Another issue that can’t be completely resolved is the score. The songs of the ensemble are serviceable and suit the individual moments, but are hardly memorable. Things are more effective with the solos. Shrug’s salacious Push Da Button, sung at the Juke Joint, is raunchy fun, while Mister’s reflective ballad, Celie’s Curse, succeeds in actually finding a moment of sympathy for a character who is largely objectionable. But it’s Celie’s empowering I’m Here that brings the big applause.

Like the rest of the score, it’s not so much the writing of the song, it’s the performance behind it. When Celie sings of finding a love within after having lived a life of hell, Adrianna Hicks’ delivery hits every emotional button. It’s a song performed with such a fiery passion, so full of energy and drama, that by the end, you may feel as exhausted when watching it as Hicks must feel when performing it.

Other than the chairs unhooked from that wooden backdrop used to suggest characters seated around a dinner table, at a church, in a living room, or at a Juke Joint, there are no other sets or props used; it’s all down to theatrical suggestion, performance, and musical presentation. And it’s by having your attention intentionally narrowed in this way that makes director Doyle’s redesigned production such an improvement over the original. As musical theatre, The Color Purple now works better than it ever did.

The Color Purple continues at ASU Gammage in Tempe until Sunday, Aprill 22

Posted in Theatre

Rampage – Film Review

Keeping in mind that those most excited about seeing Dwayne Johnson’s big screen video-game adaptation of Rampage have little interest in reading any kind of lengthy analysis or film critique longer than a few sentences, let’s go straight to the heart of the matter. Rampage is an awful film. Really. If all you want to see are giant monsters destroying buildings, then go ahead, have at it. The computer imagery is, as always expected in today’s world of CGI, excellent, and the last act of constant destruction never seems to end, so you’ll certainly get your money’s worth. Visually, it’s undeniably great.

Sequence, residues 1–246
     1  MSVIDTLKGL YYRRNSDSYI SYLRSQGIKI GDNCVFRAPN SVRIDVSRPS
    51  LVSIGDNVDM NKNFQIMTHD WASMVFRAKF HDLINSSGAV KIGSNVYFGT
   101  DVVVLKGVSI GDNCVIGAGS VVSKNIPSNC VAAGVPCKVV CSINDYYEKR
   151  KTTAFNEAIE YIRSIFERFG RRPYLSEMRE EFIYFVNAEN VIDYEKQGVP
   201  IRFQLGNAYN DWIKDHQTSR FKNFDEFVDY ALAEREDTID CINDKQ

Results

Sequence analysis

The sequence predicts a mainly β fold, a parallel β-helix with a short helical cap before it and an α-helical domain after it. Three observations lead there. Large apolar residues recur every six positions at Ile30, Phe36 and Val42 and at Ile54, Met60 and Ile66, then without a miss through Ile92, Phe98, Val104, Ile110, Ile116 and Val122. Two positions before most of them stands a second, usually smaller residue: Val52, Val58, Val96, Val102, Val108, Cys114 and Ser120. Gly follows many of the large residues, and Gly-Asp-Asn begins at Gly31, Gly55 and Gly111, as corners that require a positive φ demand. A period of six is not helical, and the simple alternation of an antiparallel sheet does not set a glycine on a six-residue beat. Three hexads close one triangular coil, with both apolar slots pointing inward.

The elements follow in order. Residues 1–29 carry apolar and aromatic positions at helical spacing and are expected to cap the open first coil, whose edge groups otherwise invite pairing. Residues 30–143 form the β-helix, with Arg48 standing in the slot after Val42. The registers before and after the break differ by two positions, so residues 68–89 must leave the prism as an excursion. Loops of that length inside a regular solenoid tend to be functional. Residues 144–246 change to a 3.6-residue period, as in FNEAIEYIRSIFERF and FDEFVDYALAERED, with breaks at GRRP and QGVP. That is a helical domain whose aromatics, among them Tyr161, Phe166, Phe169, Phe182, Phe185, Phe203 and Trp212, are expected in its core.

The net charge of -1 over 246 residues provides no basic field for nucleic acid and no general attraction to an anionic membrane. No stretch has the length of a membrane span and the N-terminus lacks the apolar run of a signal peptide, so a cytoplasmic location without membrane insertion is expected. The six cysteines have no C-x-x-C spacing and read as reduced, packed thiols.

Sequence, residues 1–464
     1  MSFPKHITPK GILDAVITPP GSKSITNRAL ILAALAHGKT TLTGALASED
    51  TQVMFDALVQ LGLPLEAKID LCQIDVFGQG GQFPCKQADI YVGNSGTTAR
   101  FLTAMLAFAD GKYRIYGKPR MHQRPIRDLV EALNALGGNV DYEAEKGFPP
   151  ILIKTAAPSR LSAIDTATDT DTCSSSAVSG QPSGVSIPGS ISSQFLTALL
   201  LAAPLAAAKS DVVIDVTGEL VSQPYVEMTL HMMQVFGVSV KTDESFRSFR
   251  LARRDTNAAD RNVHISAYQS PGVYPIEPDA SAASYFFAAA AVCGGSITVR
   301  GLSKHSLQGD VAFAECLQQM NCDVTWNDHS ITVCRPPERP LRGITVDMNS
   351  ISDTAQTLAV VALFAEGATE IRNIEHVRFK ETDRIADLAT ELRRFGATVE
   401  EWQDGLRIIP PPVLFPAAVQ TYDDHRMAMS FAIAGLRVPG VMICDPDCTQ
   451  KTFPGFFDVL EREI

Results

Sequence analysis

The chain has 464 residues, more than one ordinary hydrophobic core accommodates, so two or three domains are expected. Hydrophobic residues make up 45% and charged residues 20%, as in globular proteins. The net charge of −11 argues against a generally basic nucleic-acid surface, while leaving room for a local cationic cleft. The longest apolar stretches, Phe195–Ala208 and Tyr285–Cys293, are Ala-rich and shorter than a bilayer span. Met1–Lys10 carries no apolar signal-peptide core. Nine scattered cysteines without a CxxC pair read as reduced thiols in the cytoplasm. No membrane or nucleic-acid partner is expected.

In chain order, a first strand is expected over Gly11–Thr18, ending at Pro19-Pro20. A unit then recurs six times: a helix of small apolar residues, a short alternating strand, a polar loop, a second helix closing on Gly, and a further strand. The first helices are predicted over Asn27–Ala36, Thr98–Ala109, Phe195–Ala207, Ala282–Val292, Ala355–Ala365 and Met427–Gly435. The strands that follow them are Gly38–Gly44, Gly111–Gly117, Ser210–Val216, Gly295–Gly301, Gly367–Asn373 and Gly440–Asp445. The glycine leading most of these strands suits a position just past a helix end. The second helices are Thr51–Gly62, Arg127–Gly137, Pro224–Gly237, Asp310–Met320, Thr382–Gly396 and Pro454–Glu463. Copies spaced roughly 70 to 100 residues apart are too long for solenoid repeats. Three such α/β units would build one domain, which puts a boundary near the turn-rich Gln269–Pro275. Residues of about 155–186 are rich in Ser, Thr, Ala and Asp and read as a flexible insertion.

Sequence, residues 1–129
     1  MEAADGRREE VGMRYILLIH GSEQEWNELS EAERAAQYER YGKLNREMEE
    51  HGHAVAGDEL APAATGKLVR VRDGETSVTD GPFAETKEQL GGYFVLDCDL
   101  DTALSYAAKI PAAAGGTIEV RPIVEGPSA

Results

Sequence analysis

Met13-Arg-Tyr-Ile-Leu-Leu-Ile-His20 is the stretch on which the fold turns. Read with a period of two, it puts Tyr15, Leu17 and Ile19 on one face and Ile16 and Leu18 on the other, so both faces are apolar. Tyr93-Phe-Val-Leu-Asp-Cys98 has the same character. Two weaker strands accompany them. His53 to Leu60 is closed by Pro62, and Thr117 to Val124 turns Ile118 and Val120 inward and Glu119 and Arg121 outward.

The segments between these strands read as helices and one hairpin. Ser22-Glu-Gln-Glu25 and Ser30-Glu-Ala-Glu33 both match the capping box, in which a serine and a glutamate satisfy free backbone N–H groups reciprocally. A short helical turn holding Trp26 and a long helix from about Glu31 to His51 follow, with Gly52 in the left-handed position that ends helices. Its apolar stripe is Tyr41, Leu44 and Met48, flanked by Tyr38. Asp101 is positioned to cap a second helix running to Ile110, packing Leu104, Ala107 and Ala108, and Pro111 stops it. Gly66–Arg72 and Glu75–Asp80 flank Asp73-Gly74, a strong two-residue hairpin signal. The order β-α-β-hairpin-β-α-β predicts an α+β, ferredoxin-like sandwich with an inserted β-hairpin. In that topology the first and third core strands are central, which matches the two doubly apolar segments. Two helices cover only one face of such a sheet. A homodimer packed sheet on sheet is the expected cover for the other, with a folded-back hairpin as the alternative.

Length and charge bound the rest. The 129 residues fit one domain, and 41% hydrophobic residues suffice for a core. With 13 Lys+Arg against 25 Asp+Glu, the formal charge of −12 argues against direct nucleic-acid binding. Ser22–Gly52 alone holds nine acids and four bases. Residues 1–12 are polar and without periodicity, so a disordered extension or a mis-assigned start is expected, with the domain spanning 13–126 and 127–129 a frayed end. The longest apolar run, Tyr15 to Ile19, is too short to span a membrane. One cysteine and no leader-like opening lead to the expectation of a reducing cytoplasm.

But technology and fantastical imagery have created a laziness in the storytelling. Unleashing mutated monsters in major cities is an old fashioned, fun idea, that will never grow old – we’ll always enjoy seeing things blown up or knocked down; it’s in our moviegoing DNA – but there still has to be a decent reason for things to happen. Rampage had four writers working on the screenplay; two worked together, the other two individually, presumably correcting what the previous writer had done and adding a little extra nonsense of their own in the process. But between the four of these knuckleheads they still couldn’t come up with something that, at the very least, gave the impression of someone trying to tell a story.

During the development period, director Brad Peyton was quoted as saying that the film would be a lot more emotional, a lot scarier, and lot more real than we’d expect. He got the scary part right. During the screening it wasn’t hard to observe a few parents quickly scuttling their little ones out of the theatre during the first act. But in their favor, at least they didn’t pay for the tickets. Parents going to see it after the film’s theatrical opening won’t be quite so lucky. The amiable Dwayne Johnson may have developed a family friendly audience with his voice work in Disney’s Moana, and more recently in the hugely popular adventure, Jumanji: Welcome to the Jungle, but Rampage is not the same thing.